The news is all about tax cuts. For corporations, the news is good – both the Senate and House plans cut corporate taxes by nearly half. For real people, not such good news, unless you are rich. These plans are complicated and subject to change, but one thing is clear. This is not a middle-class tax cut.
It’s not a tax cut for teachers, whose $250 deduction for classroom supplies is eliminated.
It’s not a tax cut for middle-class and working-class families who work for colleges and universities, because the House bill classifies their children’s free tuition as income. They would get a tax increase of thousands of dollars on tuition costs of $10,000 to $40,000 a year.
It’s not a tax cut for middle-class families in states with high taxes, like New York, New Jersey and Illinois. The Senate bill eliminates deductions for property taxes and state income taxes; the House bill allows a deduction for up to $10,000 in property taxes. About 30% of all taxpayers claim these deductions, including half of middle-class taxpayers who make $50 - $100,000 a year.
It’s not a tax cut for families with high medical expenses. People who have to spend more than 10% of their income on health care could no longer deduct that amount, according to the House bill. About 9 million people, with average income of $55,000, take that deduction every year. People in nursing homes and families with disabled children often need that deduction to make ends meet.
This is not a middle-class tax cut. It will only lower some middle-class families’ taxes for a few years. But Republican leaders won’t say that. Two weeks ago, House Speaker Paul Ryan said: “according to the Joint Committee on Taxation – which is the official scorekeeper of these things – every single person, every rate payer, every bracket person gets a rate cut.” But he was doubly lying. First, while every category of taxpayers would see an average reduction of taxes, not everybody in each category gets a cut. If the House version becomes law, 10% of taxpayers in the middle income range would pay $1000 more in taxes next year and every year.
Second, the cuts for the middle class don’t last long. Senate Republicans made the tax cuts for individuals temporary, expiring in 2025, while the tax cut for corporations is permanent. Whatever benefit middle-class families gain disappears in a few years. That is clear from an exhaustive analysis by Ryan’s own scorekeeper, the Joint Committee on Taxation. By 2025, the Senate bill would increase taxes for Americans whose income is under $50,000 and collect about the same from those with incomes between $50,000 and $500,000. Only those making over $500,000 a year will still see a tax cut by then.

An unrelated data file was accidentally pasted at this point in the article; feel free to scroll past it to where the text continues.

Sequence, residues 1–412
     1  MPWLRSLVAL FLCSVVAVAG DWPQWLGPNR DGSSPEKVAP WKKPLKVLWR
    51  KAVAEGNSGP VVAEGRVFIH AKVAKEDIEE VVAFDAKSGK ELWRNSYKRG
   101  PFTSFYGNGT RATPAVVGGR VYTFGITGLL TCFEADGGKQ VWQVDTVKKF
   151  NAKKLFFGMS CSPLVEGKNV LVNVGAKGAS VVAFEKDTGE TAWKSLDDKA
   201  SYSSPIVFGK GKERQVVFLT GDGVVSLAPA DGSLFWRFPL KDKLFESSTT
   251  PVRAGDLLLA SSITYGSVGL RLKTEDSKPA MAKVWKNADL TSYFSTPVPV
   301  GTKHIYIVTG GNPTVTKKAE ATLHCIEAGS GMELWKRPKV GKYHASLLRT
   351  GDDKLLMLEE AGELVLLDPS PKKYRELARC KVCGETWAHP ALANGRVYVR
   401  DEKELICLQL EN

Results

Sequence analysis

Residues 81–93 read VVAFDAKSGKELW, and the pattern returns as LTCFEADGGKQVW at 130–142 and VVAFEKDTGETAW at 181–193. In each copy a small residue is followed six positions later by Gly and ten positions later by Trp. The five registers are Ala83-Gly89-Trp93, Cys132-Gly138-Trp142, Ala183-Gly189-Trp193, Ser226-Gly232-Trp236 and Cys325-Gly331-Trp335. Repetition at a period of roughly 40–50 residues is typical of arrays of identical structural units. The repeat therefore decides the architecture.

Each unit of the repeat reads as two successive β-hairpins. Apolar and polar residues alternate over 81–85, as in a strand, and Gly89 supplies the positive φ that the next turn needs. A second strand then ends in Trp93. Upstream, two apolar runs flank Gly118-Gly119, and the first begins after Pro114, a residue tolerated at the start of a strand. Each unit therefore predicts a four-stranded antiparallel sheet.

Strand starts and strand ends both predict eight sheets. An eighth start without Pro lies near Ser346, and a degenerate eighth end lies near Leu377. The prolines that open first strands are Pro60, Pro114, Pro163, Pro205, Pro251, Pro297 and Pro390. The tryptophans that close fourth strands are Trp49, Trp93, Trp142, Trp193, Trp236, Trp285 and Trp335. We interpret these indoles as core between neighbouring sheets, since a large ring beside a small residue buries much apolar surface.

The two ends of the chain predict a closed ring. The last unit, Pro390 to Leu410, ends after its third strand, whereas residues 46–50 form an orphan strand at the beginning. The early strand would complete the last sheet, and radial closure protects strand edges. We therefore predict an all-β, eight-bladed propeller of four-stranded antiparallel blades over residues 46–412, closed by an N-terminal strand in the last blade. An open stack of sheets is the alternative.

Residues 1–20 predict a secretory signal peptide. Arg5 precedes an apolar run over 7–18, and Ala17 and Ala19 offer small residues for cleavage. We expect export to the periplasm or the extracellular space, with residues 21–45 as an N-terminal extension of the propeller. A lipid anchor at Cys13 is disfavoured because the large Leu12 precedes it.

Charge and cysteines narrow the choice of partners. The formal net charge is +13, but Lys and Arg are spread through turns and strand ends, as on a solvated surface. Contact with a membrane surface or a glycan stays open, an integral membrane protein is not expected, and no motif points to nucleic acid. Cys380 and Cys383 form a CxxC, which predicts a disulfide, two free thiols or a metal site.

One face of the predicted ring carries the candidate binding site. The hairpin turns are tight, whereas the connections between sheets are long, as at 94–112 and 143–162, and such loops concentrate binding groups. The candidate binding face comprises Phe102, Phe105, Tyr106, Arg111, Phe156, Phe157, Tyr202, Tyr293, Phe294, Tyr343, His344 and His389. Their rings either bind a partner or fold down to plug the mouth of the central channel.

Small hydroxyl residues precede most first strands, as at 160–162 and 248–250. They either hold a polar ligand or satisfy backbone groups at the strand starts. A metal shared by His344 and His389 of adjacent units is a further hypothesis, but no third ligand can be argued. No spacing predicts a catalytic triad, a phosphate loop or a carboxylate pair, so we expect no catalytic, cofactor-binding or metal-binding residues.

President Trump has broken the promises about taxes made by Candidate Trump. Candidate Trump said, “the hedge fund guys, they’re going to be paying up,” meaning they would no longer get a special low rate for their income. He repeated this many times, saying they are “getting away with murder.” Both the Senate and House bills leave that tax break intact. The most important promise Trump made was that the tax cut was for the middle class. Just two months ago, he said his tax plan was “not good for me, believe me” and “there’s very little benefit for people of wealth.” Don’t believe him. This month he urged a cut in the rate for the richest Americans and an end to the estate tax for inheritances over $11 million.
But you can believe that Trump is still trying to kill Obamacare. With his encouragement, Senate Republicans eliminated the Affordable Care Act’s requirement that everyone have health insurance. As we learned during the health care debate, this means insurance premiums will go up for millions of Americans, wiping out any tax cut they might get.
What would a real middle-class tax cut look like? Reduce taxes on Social Security benefits. If you receive other retirement benefits, then you’ll probably pay taxes on some or most of your Social Security income. Only if your total family income is less than $32,000 is your Social Security income free of tax. Millions of middle-class retirees would benefit if that threshold were raised. Pay for that by ending the tax boondoggle for hedge fund managers.
The Republican tax cut is not about economic policy and is certainly not for the middle class. It is political legislation about economic issues: cut corporate taxes to satisfy Republican donors and try again to kill Obamacare. Mainly it is a backwards reduction in the size of government. First create a giant deficit, much larger than the deficit that Republicans have been saying for years would bankrupt the country. Then later start screaming about deficits again and cut government spending to fit reduced revenues by slashing the programs that most Americans need to keep afloat – Social Security, Medicare, and Medicaid.
Only 25% of Americans approve of the Republican tax bills. The more Republicans know about the details, the less they approve. Trump, Ryan and company are trying to pass this giant bill so fast, that most people won’t realize what is happening to them.
Jacksonville ILPublished in the Jacksonville Journal-Courier, November 21, 2017